Benefits of having functional core strength?

If I had a euro every time someone with a back injury said to me:

I have a great core, I do sit ups and oblique twists regularly.

I’d be a millionaire.

In simple terms. muscles have a priority job. Certain muscles are designed to create movement primarily. Others are primarily designed to stabilise and not move something. The back is the classic example of where people tend to lean towards doing a movement based exercise like a sit up to strengthen core abdominal muscles, instead of a plank (with correct technique!). The sit up won’t strengthen your stability muscles the way you might think.

When you tap into your deep core muscles with the right exercises the benefits are huge to your health and your sport.

Breathing. The muscles of your anterior core are incredibly important for getting air out. Each faulty breath creates problematic accessory tone in muscles like scalenes, lats, sternocleidomastoid, pec minor, traps etc. These muscles aren’t really meant to do the bulk of the breathing work; we should be using our diaphragm.

Resisting extension. This one is the most obvious benefit, as the muscles of the anterior core directly combat too much arching of the lower back. If you aren’t controlling excessive lumbar extension, it’s only a matter of time until you wind up with lower back irritation -whether it’s just annoying tightness, a stress fracture, a disc issue, or something else.

Better force transfer and lower back injury risk reduction. The research on core function is pretty clear: its job is to transfer force between the lower and upper body. How do you prevent your spine from moving excessively? You strengthen and stabilize your core.

Improved lower extremity function and injury risk reduction. Lack of anterior core control directly interferes with lower extremity function, too. If the pelvis “dumps” too far forward into anterior tilt, the front of the hip can get closed down. As I described at length here, this can lead to hip impingement. Think of your chair pose and cues! Additionally, athletes in heavy extension patterns often carry their weight too far forward, throwing more shear stress on the knees during lunging and squatting. The more we can keep their weight back to effectively recruit the posterior chain, the better.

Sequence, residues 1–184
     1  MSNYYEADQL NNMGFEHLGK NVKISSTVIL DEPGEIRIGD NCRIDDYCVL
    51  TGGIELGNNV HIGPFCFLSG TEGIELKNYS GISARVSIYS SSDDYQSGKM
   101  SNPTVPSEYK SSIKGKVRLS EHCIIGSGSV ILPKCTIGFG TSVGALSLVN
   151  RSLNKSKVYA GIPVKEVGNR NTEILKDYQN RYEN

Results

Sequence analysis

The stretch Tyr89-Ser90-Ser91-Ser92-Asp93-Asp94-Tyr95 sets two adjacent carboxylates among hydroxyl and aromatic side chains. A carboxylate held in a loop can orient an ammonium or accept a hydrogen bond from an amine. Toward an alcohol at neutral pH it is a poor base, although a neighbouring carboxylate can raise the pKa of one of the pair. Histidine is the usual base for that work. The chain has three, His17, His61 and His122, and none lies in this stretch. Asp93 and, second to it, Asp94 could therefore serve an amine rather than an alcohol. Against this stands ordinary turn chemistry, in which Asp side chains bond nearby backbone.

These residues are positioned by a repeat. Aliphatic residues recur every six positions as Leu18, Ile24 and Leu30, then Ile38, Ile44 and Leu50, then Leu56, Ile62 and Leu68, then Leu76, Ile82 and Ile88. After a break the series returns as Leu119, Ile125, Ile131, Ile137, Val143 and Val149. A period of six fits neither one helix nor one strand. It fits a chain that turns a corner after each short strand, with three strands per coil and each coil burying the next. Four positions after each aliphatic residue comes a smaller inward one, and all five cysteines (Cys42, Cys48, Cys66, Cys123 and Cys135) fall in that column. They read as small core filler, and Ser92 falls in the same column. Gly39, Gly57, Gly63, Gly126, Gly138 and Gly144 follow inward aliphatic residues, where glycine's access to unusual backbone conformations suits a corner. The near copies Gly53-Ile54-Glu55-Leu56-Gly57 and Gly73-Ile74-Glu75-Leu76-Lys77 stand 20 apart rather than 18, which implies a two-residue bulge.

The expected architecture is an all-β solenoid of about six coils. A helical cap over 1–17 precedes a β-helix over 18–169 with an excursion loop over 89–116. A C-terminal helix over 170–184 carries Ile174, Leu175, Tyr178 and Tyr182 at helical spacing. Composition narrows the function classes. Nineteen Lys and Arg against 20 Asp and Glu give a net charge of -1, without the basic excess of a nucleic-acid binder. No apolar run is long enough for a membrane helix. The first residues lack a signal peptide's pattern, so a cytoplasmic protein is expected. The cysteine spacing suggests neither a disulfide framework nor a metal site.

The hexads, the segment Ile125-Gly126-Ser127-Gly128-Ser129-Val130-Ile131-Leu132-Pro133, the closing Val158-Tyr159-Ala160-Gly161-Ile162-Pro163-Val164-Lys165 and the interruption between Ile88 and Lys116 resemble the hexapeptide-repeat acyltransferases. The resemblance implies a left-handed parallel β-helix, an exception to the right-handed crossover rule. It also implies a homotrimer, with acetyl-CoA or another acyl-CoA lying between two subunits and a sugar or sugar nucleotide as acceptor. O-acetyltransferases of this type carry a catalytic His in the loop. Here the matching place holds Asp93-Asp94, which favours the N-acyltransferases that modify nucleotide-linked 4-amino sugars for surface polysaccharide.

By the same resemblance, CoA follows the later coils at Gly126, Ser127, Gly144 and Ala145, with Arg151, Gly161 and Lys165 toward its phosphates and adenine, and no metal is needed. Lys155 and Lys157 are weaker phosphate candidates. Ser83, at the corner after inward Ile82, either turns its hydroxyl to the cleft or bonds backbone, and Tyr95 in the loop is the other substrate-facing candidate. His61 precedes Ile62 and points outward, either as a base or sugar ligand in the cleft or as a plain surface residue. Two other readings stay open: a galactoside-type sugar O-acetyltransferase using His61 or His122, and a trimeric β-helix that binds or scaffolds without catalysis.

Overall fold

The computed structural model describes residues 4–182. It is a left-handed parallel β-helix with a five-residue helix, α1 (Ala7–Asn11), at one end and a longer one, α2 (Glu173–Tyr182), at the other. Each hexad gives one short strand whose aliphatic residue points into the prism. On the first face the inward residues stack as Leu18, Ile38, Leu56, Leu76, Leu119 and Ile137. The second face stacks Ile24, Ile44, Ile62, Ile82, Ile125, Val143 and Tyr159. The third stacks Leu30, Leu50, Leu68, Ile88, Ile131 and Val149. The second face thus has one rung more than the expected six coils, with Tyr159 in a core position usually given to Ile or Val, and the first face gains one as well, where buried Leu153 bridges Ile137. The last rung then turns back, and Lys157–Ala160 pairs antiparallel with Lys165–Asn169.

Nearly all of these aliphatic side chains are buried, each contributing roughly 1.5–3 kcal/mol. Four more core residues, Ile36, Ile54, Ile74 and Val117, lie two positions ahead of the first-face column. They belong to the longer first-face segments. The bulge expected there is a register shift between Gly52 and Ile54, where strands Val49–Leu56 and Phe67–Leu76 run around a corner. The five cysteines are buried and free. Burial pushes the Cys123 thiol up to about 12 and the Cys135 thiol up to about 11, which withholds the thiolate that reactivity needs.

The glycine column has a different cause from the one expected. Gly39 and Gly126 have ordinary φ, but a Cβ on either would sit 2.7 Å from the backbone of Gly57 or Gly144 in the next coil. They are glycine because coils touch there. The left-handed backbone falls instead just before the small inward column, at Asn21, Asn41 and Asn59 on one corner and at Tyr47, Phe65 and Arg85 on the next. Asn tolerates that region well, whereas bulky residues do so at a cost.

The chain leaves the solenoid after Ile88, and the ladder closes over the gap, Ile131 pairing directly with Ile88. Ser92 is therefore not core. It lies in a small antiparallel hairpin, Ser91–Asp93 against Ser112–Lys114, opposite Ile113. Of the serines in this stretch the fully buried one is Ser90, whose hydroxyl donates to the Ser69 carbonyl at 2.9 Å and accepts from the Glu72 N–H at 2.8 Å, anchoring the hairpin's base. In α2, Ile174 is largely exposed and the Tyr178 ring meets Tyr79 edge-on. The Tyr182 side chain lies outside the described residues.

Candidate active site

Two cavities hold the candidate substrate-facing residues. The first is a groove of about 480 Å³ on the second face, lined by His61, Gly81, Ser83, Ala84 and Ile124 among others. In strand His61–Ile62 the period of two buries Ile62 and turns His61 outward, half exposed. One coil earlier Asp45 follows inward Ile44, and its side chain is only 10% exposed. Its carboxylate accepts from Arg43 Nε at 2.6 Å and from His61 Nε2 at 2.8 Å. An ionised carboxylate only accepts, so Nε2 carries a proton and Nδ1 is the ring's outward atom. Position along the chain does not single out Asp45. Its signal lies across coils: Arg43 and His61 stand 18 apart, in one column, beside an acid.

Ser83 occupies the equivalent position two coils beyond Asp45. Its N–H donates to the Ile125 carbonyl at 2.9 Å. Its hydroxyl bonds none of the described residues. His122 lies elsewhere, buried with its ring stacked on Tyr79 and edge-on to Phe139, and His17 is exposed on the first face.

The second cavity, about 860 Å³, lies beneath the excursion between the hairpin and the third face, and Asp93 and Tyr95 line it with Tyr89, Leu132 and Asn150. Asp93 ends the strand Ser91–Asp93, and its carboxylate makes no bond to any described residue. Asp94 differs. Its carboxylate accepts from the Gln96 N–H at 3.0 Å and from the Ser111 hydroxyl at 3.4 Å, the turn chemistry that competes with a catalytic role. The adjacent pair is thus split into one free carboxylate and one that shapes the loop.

Improved shoulder function and injury risk reduction. The latissimus dorsi! If this is “on” all the time (as we often see in extension-based postures), you can’t get to important positions with the right movement quality. Overactive lats will limit not only shoulder flexion (overhead reaching), but also upward rotation of the shoulder blades.

If you’re using your lats as an “all the time” core stabilizer, you aren’t just at risk of extension-based low back pain, but also problems at the shoulder and elbow. If you can get your anterior core control under control and normalize the length and tone of the lats, your “healthy exercise pool” for the upper body expands dramatically. Getting overhead is easier, and you’ll feel stronger in that position.

Pelvic Floor function. Self explanatory!

Sound good? Learn how to target your core either with some prescriptive exercises from your Chartered Physiotherapist or try out one of the many videos on YouTube led by me!



Orla Crosse is a Chartered Physiotherapist and Yoga Instructor at Performance Yoga. For more information about Orla and her Sports Performance Yoga classes and workshops see If you have any medical concerns please see your GP or local Chartered Physiotherapist for advice.